packets bacause there is no route to the host. packets bacause there is no route to the host.
Considering a multi-prefix environment, destination address selection Considering a multi-prefix environment, destination address selection
is also important for correct or better communication establishment. is also important for correct or better communication establishment.
RFC 3484 [RFC3484] defines both source and destination address RFC 3484 [RFC3484] defines default source and destination address
selection algorithms. In most cases, the host will be able to selection algorithms. In most cases, the host will be able to
communicate with the targeted host using the algorithms. However, communicate with the targeted host using the algorithms. However,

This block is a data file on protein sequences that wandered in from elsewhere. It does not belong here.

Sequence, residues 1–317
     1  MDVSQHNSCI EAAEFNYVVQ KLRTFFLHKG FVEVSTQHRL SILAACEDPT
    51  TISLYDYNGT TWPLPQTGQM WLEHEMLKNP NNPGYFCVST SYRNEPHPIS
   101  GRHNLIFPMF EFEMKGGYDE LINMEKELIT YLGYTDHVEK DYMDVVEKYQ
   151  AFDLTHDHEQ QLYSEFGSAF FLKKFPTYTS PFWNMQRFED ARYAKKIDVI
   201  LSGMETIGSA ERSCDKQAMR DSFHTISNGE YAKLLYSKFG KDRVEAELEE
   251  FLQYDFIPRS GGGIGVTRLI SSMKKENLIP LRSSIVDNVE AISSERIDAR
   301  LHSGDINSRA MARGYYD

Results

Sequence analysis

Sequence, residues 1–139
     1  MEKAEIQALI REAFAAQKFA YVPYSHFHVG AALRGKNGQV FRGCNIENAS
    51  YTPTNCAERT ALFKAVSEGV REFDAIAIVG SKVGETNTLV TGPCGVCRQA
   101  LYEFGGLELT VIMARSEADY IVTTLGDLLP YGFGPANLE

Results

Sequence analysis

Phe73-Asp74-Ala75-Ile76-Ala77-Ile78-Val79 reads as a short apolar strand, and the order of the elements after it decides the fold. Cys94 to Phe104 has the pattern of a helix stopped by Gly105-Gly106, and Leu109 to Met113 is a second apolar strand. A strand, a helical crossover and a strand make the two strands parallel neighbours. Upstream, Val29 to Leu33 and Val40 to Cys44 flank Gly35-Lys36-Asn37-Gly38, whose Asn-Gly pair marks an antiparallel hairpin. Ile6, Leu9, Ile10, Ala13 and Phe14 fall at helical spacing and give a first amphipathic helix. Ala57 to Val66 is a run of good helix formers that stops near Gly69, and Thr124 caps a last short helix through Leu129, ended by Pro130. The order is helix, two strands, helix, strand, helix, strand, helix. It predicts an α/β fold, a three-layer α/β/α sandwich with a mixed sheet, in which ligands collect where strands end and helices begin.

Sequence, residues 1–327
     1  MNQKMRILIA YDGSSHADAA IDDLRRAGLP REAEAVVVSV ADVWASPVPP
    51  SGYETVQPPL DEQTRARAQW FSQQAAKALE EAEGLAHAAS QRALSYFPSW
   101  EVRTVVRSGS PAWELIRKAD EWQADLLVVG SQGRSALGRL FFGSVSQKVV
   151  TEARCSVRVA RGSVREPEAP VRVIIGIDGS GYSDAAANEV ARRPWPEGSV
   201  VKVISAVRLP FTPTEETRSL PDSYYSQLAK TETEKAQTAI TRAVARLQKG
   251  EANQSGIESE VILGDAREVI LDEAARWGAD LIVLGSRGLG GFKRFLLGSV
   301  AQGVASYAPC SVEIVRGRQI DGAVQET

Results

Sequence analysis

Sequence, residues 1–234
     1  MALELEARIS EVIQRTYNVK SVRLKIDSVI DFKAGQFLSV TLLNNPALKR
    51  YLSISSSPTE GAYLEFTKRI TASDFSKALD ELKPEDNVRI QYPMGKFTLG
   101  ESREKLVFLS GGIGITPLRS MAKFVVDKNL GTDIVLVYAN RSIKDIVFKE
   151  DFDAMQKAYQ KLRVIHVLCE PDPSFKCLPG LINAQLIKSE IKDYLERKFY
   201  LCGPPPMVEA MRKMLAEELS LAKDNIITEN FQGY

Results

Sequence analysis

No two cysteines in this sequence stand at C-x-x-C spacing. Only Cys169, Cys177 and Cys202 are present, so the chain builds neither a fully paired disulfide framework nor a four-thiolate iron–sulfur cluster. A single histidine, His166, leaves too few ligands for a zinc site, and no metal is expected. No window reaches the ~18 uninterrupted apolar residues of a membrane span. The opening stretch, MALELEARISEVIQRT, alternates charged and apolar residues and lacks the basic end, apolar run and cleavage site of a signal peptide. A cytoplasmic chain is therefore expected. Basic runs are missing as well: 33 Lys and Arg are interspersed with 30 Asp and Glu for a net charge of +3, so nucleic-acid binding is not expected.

there are still problematic cases such as when multiple default there are still problematic cases. This document describes such
routes are supplied. This document describes such possibilities of possibilities of incorrect address selection, which leads to dropping
incorrect address selection, which leads to dropping packets and packets and communication failure.
communication failure.
In addition, the provision of an address policy table is an important
matter. RFC 3484 describes all the algorithms for setting the
address policy table but address policy provisions are not mentioned.
RFC 3484 only defines how to configure the address policy table
manually.
1.1. Scope of this document 1.1. Scope of this document
There has been a lot of discussion about "multiple addresses/ There has been a lot of discussion about "multiple addresses/